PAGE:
Nutrition and hydration for older adults living with dementia in care

Tsiami, Amalia ORCID: https://orcid.org/0000-0002-1122-4814, Bak, Aggie and Manginas, Athina (2021) Nutrition and hydration for older adults living with dementia in care. Baking Europe (Autumn). pp. 35-39.

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Abstract

Undernutrition and dehydration in older adults is of concern for healthcare professionals as well as the individuals and their families. The consequences of undernutrition, which are serious in all ages, however they are especially prominent in the older population. Being generally more vulnerable as well as not being able to recover promptly, older people are at higher risk of falls, more frequent and longer hospital stays, increased infections as well as increased risk of dying. Reduced appetite and thirst along with physical and cognitive impairments can make it difficult for older people to consume sufficient amount of food and fluids. The subsequent adverse events such as falls or infections can further influence nutritional status, creating a vicious cycle of undernutrition and disease. Once established, the cycle is almost impossible to escape. This is a major public concern, not only because quality of life is compromised for those affected but also due to the economic impact that these events have on society.
Due to numerous functional and physiological alterations associated with age, older people frequently do not consume sufficient amounts of food and fluid and the diet is usually of poor quality. As a result, the prevalence of macro- and micronutrient undernutrition is high in both free-living and institutionalised older adults. It is estimated that prevalence of protein energy malnutrition may be as high as 15% in community dwelling older people, 25-65% in care home residents and 35-65% in older hospital patients. Early detection of undernutrition may be difficult because it cannot rely solely on anthropometric measurements and needs consideration of other factors. BMI for instance, is an established marker for nutritional status in younger populations but is not useful when assessing nutritional status in older persons. Sarcopenic obesity, which is a common problem within clinical setting and is especially prevalent in older patients, gives the impression that the person is over-nourished due to increased amount of fat mass but is in fact a type of undernutrition arising from an extensive muscle wastage caused by protein deficiency. This type of undernutrition usually occurs as a result of an acute decrease in food intake e.g., due to a sudden illness or food withdrawal. Recovering the muscle mass in older people is difficult, if not impossible in some circumstances. Chronic undernutrition on the other hand depletes all energy stores, leaving a person with little fat and muscle reserves. At this stage, micronutrient deficiencies are also common. People with dementia are particularly vulnerable to chronic undernutrition because they may forget to eat or they may lose the skills necessary for feeding, e.g. how to use the eating utensils.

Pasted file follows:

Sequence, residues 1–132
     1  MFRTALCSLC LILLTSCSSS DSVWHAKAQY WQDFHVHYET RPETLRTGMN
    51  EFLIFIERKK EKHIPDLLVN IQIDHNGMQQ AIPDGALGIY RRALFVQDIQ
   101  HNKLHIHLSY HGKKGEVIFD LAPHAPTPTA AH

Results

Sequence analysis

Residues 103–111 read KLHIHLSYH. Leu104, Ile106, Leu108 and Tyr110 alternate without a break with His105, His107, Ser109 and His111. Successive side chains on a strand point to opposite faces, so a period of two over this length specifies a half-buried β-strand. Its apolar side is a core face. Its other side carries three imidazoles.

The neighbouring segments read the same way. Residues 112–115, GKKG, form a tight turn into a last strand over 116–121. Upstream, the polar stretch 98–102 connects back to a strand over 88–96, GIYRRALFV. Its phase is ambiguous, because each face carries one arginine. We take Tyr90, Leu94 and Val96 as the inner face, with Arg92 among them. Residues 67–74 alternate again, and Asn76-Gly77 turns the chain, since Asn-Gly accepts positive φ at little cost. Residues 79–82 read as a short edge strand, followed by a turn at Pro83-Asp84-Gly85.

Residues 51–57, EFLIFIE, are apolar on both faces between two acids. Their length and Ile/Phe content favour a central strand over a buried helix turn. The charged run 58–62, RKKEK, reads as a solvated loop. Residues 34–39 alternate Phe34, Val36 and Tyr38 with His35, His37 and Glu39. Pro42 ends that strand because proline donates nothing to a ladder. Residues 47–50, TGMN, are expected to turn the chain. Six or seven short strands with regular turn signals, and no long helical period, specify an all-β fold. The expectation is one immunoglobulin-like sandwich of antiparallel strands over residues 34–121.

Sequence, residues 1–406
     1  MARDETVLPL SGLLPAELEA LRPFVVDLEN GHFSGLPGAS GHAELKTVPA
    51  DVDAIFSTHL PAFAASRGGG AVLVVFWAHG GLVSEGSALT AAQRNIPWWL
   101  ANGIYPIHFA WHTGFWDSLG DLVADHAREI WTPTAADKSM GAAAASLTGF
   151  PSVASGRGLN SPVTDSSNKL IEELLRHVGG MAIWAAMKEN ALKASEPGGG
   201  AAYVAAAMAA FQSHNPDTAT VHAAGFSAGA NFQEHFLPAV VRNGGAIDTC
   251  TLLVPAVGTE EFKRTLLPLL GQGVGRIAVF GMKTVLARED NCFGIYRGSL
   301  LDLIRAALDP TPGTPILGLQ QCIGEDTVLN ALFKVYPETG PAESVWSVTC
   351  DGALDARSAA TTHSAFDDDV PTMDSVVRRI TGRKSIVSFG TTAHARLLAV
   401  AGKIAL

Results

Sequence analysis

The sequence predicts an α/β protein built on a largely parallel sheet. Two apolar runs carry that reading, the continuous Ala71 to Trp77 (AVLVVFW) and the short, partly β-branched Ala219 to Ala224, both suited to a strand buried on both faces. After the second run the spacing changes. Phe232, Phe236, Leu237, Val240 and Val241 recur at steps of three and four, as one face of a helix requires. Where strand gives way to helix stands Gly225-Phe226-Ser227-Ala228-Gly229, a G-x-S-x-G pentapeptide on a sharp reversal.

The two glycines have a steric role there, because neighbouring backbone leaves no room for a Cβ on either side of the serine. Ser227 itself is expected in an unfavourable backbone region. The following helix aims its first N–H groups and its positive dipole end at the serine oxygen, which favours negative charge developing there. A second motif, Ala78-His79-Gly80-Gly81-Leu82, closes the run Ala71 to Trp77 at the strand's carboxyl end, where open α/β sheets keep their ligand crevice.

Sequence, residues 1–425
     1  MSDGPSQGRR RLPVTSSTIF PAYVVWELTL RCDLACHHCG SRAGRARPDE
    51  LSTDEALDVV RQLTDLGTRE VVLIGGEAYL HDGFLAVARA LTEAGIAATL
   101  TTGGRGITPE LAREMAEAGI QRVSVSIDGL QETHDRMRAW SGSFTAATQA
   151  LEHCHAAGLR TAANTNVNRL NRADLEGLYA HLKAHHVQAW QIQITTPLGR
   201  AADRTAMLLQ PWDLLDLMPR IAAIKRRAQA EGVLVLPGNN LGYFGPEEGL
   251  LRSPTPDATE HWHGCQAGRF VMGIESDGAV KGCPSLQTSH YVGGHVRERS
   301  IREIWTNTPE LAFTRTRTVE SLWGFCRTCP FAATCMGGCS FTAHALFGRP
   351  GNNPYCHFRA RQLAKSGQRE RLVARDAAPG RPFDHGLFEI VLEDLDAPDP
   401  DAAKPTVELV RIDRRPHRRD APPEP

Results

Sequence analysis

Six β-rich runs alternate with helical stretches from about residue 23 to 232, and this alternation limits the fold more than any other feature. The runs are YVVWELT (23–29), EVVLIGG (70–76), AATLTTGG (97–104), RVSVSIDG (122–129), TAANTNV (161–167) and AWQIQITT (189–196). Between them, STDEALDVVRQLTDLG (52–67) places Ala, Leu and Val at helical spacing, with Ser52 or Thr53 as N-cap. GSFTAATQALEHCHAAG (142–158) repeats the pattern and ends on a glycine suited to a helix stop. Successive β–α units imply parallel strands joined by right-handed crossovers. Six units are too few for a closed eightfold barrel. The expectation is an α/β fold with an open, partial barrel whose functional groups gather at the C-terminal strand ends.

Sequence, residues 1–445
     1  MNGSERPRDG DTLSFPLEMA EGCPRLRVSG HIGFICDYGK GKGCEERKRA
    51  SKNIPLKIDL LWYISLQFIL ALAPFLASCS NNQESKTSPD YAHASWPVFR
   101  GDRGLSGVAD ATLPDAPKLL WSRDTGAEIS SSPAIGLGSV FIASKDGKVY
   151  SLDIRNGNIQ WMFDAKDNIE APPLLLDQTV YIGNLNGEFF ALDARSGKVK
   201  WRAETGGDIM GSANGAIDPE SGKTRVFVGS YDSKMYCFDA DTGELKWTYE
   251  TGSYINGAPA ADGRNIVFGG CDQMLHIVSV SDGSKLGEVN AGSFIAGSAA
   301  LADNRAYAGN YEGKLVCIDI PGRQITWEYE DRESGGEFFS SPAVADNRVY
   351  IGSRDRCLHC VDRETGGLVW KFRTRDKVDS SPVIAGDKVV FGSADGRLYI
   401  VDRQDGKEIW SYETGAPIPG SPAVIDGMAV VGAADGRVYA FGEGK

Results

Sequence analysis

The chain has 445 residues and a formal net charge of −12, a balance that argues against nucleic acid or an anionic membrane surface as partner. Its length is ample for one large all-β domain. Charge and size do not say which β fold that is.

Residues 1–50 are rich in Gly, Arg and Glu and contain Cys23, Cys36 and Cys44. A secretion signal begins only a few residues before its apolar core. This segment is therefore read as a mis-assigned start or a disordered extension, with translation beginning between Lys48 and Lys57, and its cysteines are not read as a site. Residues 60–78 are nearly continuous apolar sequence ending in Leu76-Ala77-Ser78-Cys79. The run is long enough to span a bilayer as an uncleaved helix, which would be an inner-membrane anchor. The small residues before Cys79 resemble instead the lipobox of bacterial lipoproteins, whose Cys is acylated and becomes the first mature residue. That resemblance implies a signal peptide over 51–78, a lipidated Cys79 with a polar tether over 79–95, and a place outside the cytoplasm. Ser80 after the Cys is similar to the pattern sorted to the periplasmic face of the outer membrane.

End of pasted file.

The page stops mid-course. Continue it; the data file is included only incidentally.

Item Type: Article
Subjects: Hospitality and tourism > Culinary arts > Food studies
Medicine and health > Nutrition
Related URLs:
Depositing User: Amalia Tsiami
Date Deposited: 07 Dec 2021 18:34
Last Modified: 15 Dec 2021 09:49
URI: http://repository.uwl.ac.uk/id/eprint/8467

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